Had a slow start but picked up steam shortly thereafter. Only write over, like a few others, was SURFEIT over SURplus.

Good start to the week.

archaeoprof 5:35 PM  

Late to the party today, because there is much excitement at the college where I teach. Our men's basketball team is playing in the conference championship tonight, and a win means a trip to the NCAA tournament, which would be a first.

Fun puzzle, though.

Go Wofford Terriers!

Ulrich 5:36 PM  

@ret.-chem.: You probably know this: Krebs is German for "cancer"--nomen est omen! I mean, what else would a guy with that name study?

the redanman 6:36 PM  


"One should put his HAT on his LAP before ANA charges a FEE for the dance."

Have you no respect for the law? YOU"RE NOT FOLLOWING THE RULES OF THE GRID!!!!!!


Good one

makeding - what Quasimodo does? Maybe the best one yet.

Arby 7:13 PM  

As falls Wichita, so falls Wichita Falls. (PMG Fan here).

I too was lured into thinking Chester's middle name began with B. <blush>

Moonchild 7:22 PM  

I enjoyed the theme and got it from Winters (a great funny guy).
Next Monday might have been more appropriate to coincide with the Equinox. As you might infer from my name astronomical holidays play an important role in my life.
If you are a fan of Jonathan Winters you might want to sample some of the work of Mitch Hedberg. Another creative genius with a unique take on the world. Unfortunately he took his own life at a young age.

chefbea 7:25 PM  

We are here in NC. Getting settled. Am having crossword puzzle withdrawl!! Did the puzzle today. but no time to read the blog or the comments. Maybe tomorrow. Tired!! T4B

fergus 7:48 PM  

... a grimmer time reminder when I left my Rolex at the pawn shop and now sport a Timex.

This was a puzzle that was fun to solve. If I had had another beer on this mercurial, capricious day, this could have been one to remind me yet again that I do know next to nothing.

(My little work gratification was translating a Baudelaire poem, which I can send if anyone is interested.)

Hans Krebs 7:49 PM  

@ Sfingi - no, I am the Krebs of the Krebs cycle, and I am NOT thrilled with Ernst (no relation AFAIK).

@ Ulrich - thx, ret_chem tells me he did not know that but enjoyed seeing the info.

Amazing how I can communicate after dying in 1981.

retired_chemist 8:04 PM  

Another laetrile quackery reference. Worth reading if you are into this sort of stuff.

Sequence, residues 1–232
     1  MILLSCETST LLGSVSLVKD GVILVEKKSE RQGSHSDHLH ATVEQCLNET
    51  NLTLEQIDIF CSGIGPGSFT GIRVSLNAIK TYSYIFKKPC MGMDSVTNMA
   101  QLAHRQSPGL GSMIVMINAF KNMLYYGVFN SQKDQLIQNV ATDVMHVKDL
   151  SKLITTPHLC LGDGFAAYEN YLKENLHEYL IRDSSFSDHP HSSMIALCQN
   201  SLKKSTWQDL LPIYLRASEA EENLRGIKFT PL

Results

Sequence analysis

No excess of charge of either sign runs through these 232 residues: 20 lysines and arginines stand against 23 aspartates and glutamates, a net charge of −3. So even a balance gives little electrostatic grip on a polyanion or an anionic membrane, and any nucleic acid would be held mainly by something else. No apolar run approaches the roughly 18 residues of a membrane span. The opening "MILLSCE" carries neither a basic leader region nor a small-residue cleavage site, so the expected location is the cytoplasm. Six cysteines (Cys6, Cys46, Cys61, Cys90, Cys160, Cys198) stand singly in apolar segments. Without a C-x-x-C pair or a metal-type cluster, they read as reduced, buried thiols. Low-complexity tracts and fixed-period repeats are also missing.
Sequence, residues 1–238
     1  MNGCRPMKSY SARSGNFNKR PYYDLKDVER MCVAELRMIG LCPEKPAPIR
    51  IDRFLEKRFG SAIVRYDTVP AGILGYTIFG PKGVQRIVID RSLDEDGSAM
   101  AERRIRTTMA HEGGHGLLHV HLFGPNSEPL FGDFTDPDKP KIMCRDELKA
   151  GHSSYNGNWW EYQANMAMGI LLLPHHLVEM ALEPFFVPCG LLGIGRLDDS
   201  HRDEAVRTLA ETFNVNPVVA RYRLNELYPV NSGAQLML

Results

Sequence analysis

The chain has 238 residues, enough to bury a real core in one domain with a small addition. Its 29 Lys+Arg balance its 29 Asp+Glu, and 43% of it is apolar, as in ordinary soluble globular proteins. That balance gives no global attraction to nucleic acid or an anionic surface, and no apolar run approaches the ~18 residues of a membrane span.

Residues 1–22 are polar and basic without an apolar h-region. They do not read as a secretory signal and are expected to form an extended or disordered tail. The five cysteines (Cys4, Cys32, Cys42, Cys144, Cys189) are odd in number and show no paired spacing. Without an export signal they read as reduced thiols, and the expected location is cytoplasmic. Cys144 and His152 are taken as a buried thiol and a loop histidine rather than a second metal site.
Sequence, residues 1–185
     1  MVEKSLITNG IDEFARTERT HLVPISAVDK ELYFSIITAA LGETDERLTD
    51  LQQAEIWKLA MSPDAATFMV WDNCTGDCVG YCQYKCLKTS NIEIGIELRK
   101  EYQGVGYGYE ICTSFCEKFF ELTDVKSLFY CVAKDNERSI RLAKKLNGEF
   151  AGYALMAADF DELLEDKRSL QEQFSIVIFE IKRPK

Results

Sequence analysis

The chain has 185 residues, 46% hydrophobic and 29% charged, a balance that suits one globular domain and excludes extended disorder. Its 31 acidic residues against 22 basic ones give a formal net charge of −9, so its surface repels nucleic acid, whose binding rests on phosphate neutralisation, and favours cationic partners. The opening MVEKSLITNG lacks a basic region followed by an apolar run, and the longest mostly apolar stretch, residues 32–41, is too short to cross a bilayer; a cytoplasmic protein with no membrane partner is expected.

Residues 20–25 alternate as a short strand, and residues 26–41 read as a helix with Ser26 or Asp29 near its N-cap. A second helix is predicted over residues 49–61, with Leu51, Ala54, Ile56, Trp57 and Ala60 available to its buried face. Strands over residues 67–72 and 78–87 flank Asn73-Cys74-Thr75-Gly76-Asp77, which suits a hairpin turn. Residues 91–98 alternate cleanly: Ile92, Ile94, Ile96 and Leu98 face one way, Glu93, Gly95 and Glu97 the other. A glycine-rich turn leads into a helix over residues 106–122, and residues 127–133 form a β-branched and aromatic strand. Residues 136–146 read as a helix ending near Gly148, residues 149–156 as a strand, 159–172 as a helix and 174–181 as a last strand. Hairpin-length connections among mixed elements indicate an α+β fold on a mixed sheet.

foodie 8:54 PM  

I like that all the seasons were plural. But here's the glitch*: SPRINGS & FALLS as used refer to their non-season meaning, and are descriptive of the geographic location-- i.e. water bubbling up or falling down. WINTERS and SUMMERS have no other meaning and are used as family names. So, a small demerit for inconsistency (I know, I'm getting picky in my old age).

*For some reason, it makes me happy to see @Glitch and @Kerfuffle commenting on the same topic...and agreeing.

PlantieBea 8:59 PM  

@foodie: I don't know...Summers and winters are used as verbs in certain sets. For example, she summers in the Hamptons, and winters in Aspen.

Broadway Melvin 9:08 PM  

@Sfingi wrote:

"Street through Times Square - couldn't figure out how to put 8th Ave., 59th St or even Central Park South or West in"

Just as well as none of run through Times Square, and most not even close.

Glitch 9:13 PM  


Consider it a welcome back gesture ;)


Sfingi 9:13 PM  

@HansKrebs - I looked up the quacks Ernst Krebs I and II and see they aren't Hans Krebs of the highly respected Krebs cycle.
My maternal grandfather, an eccentric collector - what we now call a hoarder - collected on the ridiculous end of the sublime to the ridiculous continuum, peach pits. These supposedly had laetrile in their centers. Only one person in my family had died of cancer, and that was 200 years ago, so he never had to worry. He also believed tobacco caused cancer, and he was right about that. But, we all die of heart attacks and apoplexy (stroke).

@Fergus - funny. I never heard of a Rolex until a friend of mine found one in the '70s and tried to sell it at a pawn shop. The guy said he couldn't touch it. She asked "Y knot?" and he said it was worth about 8 Large.